Walking a Friend Through Grief

My wife was 54 when she lost her war with cancer, way too young. The anger and bitterness welled up a few months after she died, after the phone stopped ringing, after people stopped asking, after old friends disappeared.

An Episcopal priest friend of mine and I were having a drink one night, and in response to the obligatory “How are you?” question, I started whining how old friends were no longer around. There were no more dinner invitations, no more phone calls. When we were a couple we enjoyed a busy social life. But now, well, no more. Why?

Terry thought for a moment, chuckled, then said, “That’s easy, we all liked her a lot more than we do you!” We laughed, but his humor made sense to me. I remember friends saying they didn’t call because they didn’t know what to say. In my mind they didn’t have to say a word, but it would have been wonderful if they had called. I suspect that some dinner invitations stopped because they were afraid I might not be ready. They didn’t realize that I felt shunned because they didn’t know how to deal with a suddenly single person in their married world.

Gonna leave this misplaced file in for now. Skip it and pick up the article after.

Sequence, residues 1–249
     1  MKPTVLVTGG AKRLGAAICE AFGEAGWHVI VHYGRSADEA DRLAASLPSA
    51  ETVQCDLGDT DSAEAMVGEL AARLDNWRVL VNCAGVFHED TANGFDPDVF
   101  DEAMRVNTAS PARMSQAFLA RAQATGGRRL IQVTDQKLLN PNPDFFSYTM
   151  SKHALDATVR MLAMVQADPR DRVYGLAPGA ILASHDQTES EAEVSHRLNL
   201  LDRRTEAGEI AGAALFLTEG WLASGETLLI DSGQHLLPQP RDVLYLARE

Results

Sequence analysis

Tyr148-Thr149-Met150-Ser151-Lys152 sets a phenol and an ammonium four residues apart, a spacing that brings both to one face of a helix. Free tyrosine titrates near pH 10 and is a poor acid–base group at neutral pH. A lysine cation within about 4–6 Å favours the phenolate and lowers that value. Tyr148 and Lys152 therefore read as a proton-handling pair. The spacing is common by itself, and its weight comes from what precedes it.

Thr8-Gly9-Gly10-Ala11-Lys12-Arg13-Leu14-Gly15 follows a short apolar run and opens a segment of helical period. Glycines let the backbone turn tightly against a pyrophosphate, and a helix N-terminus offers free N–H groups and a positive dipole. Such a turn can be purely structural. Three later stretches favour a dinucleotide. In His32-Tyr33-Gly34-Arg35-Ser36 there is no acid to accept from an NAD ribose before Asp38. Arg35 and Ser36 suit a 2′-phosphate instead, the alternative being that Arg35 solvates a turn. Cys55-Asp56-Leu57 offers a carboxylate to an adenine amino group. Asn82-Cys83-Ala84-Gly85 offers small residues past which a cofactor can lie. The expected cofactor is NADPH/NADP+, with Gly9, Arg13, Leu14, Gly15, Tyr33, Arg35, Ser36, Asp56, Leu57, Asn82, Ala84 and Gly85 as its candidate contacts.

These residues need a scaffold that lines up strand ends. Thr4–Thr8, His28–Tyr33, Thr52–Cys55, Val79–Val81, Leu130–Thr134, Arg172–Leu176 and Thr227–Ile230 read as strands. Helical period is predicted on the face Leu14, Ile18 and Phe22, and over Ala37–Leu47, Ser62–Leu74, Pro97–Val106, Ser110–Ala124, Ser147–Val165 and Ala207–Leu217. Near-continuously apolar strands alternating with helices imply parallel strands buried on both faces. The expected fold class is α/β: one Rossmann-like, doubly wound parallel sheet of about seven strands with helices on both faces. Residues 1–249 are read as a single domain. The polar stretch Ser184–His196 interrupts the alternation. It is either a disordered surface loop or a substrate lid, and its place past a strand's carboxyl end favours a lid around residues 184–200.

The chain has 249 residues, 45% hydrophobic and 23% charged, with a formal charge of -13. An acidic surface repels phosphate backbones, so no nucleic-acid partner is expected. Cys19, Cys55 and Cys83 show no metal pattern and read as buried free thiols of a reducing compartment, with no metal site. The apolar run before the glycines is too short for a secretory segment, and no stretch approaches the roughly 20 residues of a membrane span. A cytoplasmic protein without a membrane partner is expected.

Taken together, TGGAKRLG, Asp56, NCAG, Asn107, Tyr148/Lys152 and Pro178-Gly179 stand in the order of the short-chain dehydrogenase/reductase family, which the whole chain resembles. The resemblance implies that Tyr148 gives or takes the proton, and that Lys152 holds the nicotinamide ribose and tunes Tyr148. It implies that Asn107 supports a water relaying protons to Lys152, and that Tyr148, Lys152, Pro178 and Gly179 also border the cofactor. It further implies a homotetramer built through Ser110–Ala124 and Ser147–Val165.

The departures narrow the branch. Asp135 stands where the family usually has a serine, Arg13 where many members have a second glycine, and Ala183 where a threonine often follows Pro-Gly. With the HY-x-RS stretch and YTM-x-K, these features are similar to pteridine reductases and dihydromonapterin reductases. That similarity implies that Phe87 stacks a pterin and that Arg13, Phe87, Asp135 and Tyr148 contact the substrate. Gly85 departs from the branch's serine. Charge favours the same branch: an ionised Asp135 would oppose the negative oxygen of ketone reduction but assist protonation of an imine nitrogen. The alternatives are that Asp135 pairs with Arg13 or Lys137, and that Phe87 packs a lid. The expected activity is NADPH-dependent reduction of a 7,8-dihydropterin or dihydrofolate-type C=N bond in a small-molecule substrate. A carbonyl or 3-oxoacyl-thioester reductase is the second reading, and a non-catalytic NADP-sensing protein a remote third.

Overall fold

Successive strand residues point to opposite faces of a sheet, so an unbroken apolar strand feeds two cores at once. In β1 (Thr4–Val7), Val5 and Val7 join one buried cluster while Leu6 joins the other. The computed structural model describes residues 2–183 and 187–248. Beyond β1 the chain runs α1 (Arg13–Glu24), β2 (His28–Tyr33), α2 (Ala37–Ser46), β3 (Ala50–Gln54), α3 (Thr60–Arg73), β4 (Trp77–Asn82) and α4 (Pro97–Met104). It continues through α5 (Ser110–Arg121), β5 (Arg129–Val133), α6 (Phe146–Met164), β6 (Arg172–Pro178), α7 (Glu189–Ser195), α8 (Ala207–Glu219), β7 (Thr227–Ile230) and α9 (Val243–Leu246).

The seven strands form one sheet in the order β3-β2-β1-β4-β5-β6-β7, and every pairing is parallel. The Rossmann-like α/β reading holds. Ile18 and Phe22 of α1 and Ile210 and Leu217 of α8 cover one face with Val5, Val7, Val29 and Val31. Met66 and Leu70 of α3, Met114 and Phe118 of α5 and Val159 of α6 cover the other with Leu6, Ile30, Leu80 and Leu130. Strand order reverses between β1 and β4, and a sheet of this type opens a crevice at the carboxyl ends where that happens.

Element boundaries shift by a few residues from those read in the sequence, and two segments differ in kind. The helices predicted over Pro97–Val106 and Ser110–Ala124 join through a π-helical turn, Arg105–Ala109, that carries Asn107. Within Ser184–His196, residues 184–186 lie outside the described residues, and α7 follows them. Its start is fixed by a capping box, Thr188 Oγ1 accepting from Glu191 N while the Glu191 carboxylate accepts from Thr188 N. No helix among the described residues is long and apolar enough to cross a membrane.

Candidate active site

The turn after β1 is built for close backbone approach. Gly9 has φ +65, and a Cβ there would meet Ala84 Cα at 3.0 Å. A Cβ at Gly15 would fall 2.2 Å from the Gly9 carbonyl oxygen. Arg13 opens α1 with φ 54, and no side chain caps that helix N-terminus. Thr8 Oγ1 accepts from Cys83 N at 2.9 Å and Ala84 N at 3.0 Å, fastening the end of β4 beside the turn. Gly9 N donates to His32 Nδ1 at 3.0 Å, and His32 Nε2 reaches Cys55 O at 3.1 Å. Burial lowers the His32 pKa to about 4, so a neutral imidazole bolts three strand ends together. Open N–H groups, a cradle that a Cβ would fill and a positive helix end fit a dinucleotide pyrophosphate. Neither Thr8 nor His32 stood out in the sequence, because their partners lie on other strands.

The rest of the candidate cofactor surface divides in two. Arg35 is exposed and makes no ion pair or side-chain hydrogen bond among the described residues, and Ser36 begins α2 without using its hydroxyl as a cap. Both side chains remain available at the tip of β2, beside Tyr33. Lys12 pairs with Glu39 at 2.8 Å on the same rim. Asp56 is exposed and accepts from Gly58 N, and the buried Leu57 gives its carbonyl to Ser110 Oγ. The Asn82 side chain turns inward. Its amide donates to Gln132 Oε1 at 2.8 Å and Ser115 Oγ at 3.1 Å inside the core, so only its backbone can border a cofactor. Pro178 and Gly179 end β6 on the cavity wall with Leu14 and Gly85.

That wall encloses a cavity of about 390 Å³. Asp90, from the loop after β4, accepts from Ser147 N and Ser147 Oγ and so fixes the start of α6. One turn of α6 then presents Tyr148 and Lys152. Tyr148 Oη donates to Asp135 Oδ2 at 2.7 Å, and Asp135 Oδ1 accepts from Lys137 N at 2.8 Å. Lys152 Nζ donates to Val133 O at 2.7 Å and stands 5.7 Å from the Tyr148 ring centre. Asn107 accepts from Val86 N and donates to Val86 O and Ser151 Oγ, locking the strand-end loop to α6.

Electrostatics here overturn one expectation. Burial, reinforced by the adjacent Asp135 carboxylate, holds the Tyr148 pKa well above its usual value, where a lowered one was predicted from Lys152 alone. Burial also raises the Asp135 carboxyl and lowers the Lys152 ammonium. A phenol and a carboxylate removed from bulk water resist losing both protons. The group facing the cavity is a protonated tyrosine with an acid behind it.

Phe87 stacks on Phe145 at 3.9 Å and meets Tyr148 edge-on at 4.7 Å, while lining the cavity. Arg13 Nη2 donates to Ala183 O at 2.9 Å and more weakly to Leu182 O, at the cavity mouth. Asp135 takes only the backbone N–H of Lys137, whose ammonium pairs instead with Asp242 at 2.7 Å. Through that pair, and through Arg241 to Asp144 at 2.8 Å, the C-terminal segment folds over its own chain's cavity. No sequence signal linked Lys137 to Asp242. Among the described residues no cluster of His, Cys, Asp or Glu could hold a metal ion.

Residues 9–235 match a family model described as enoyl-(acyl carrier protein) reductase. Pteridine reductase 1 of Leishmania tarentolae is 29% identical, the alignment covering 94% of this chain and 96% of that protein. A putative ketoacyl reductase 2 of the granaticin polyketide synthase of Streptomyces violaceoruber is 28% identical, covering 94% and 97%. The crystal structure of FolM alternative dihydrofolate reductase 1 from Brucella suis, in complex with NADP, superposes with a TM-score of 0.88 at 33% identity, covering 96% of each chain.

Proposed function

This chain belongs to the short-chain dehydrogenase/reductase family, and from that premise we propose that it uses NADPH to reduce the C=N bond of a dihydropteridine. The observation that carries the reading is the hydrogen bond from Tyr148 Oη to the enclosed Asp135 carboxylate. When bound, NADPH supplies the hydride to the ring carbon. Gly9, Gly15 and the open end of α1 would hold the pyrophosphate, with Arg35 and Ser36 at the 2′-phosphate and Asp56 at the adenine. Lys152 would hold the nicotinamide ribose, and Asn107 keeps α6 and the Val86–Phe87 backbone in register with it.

As I read these words now, they sound harsh. But I’ve found that my experience is not unusual, and my reaction has beenw echoed by others in the same situation.

I have fond memories of those friends who did call or stopped by. Often they would just sit and listen. We would reflect together and usually laugh as we remembered the fun times. They were quick to admit they didn’t know how I felt, because they were not in the same place. But they were helping me heal.

One friend in particular would include me as part of Sunday dinners with her family. Sitting at their table and sharing their life was incredibly healing and a lifeline in a way. I will never forget that time together.

When you reach out to a friend who has lost a loved one, be it a spouse, child, family member, friend, or even a pet they were particularly close to, just remember all you have to do is be there for them. Sit. Listen. Hold their hand. Don’t tell them you know how they feel, because you don’t. But do tell them there is normalcy waiting for them, when they are ready again.

Just be a friend.

Chuck Owen is a Sylvania, Ohio, resident and has been a hospice volunteer at ProMedica Ebeid Hospice Residence since 2013. This is his third blog in a 4-part series on loss and grief.

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